Newswire : African critics see dark side to China’s ‘charitable’ development loans

China’s President Xi Jinping with Uganda’s President Paul. Kagame

2Sept. 10, 2018 (GIN) – There are two sides to every coin and two widely opposing views on China’s offer of generous loans and grants to African countries announced at the recent Forum on China-Africa Cooperation forum in Beijing. At the confab, with representatives from 53 of 54 African countries, sky-high numbers were bandied about. Chinese President Xi Jinping announced $60 billion in funds for eight initiatives over the next three years, in areas ranging from industrial promotion, infrastructure construction and scholarships for young Africans. Such a financial package has many high-profile defenders on the continent, including the head of the African Development Bank, Akinwumi Adesina. “A lot of people get nervous about China but I am not. I think China is Africa’s friend,” he told the BBC. South African President Cyril Ramaphosa dismissed the view of a “new colonialism taking hold in Africa while Rwandan President Paul Kagame called talk of “debt traps” as attempts to discourage African-Chinese interactions. But several African economists, media pundits and civil society see red flags ahead. “The time has come for African leaders to critically interrogate their relationship with China,” an editorial in Kenya’s Daily Nation said Monday. “What are the benefits in this relationship? Is China unfairly exploiting Africa like the others before it?” “This debt acquired from China comes with huge business opportunities for Chinese companies, particularly construction companies that have turned the whole of Africa into a construction site for rails, roads, electricity dams, stadia, commercial buildings and so on,” said Kampala-based economist Ramathan Ggoobi, speaking to the BBC. In Uganda, a 21 year mining concession to the Guangzhou Dongsong Energy Company produced only 92 job slots so far and the threat of displacement of 12,000 residents from 14 villages. This week in Zambia, the government was forced to refute published reports of the possible Chinese takeover of Kenneth Kaunda International Airport and the power utility ZESCO for unpaid debts. It is increasingly common in countries like Angola, Mozambique or Ghana, which benefit from Chinese loans for infrastructure, to see Chinese trucks and workers who would otherwise be unemployed in China now working in Africa on Chinese projects. “If African countries are not careful, the debt they have to China is going to be the equivalent or even more than the debt that they have to industrialized countries and to the World Bank,” said William Gumede, University of the Witwatersrand professor and chair of the Democracy Works Foundation in South Africa. The next Summit will be organized by Senegal in 2021.

Newswire : In South Africa, pain and shock at passing of Winnie Madikizela Mandela

death-winniemandela2
  Winnie Mandela

(TriceEdneyWire.com/GIN) – Tributes to anti-apartheid icon Winnie Madikizela Mandela filled the South African radio air waves this week as news of her untimely passing reached the far corners of the nation and the continent.
Heart-rending classics from the American songbook – from The Song for Mama by Boyz to Men to Donny Hathaway’s A Song for You – expressed the somber mood in the nation while social media filled with remembrances by those whose lives she touched – sometimes with a single word, sometimes with a long eulogy.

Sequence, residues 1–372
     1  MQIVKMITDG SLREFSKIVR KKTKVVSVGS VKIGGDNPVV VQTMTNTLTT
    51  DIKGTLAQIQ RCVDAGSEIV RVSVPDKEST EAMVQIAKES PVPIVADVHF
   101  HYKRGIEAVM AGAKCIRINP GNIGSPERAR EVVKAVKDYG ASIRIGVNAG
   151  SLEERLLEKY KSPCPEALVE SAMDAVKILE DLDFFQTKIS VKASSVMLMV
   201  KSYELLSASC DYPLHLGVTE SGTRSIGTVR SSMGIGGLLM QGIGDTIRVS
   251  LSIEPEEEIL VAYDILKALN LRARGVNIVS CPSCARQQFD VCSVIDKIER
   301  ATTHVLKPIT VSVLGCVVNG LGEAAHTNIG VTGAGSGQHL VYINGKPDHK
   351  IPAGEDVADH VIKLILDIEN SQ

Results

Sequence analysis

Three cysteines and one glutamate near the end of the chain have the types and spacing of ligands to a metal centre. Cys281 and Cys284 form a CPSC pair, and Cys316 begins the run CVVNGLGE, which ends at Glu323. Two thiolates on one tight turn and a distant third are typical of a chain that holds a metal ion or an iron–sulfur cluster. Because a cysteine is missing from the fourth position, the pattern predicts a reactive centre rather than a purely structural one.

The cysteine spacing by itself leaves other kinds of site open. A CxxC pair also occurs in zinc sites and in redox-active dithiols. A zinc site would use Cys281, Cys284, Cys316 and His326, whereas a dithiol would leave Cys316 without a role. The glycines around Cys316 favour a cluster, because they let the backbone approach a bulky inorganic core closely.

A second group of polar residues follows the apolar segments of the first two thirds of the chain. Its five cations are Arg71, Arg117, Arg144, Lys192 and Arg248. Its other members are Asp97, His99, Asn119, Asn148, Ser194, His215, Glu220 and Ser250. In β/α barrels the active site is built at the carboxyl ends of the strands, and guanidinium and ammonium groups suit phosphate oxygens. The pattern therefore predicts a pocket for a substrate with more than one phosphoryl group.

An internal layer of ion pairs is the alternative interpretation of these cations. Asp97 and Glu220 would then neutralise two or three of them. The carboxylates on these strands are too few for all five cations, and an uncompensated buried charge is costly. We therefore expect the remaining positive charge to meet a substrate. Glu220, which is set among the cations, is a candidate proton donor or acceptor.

“The big tree has fallen the #MotherOfTheNation, a nation builder ulale kahle mama you have fought a good fight,you’ll remain in our hearts,” wrote AndileKaMajola on Twitter. “How I wish to have met you,” wrote Sego Bae we EFF from South Africa’s city of Randburg. “You are a woman of steel and no one will ever take away that from you mama Winnie Nonzamo Mandela. May your lovely soul rest in peace.”
The former wife of Robbin Island prisoner later president Nelson Mandela, Winnie had been in and out of Netcare Milpark Hospital battling a kidney infection, according to her spokesman, Victor Dlamini. A message from the family read: “Altho we are gutted by her passing, we are grateful for the gift of her life.”
Recently, she was an observer during the ANC’s struggle over corruption allegations that enveloped past president Jacob Zuma. She expressed confidence in the new leadership of the ANC under Cyril Ramaphosa. “We’re going to surprise the country. I’ve told them they must watch this space. I’m back,” she declared.
Nomzamo Winifred Zanyiwe Madikizela was one of nine children – six of them daughters – of two teachers and devout Methodists, Columbus Madikizela and his wife, Gertrude.
When Madikizela-Mandela moved to Johannesburg, she studied social work. There she met lawyer and anti-apartheid activist Nelson Mandela in 1957 and they married a year later and had two children.
The marriage was short-lived as he was arrested in 1963 and sentenced to life imprisonment for treason. Mandela was eventually released in 1990.
Winnie was a strong single parent who raised two children while her “larger than life” husband was in prison. This was a time that the ANC and the country overall was “gendered”, spurring her struggle for women’s rights.
In May 1969, Winnie was jailed supposedly for political agitation, but more likely for simply being the wife of Nelson Mandela. Held for 17 months, she spent most of the time in solitary confinement, and was interrogated and kept awake for up to five days at a time.
The picture of her hand-in-hand with Mandela as he walked free from prison after 27 years became one of the most recognizable symbols of the anti-apartheid struggle.
The Mandela family says it will release details of the memorial and funeral services once
these have been finalized. South African President Cyril Ramaphosa announced an official
memorial on April 14 in Orlando Stadium in Soweto.
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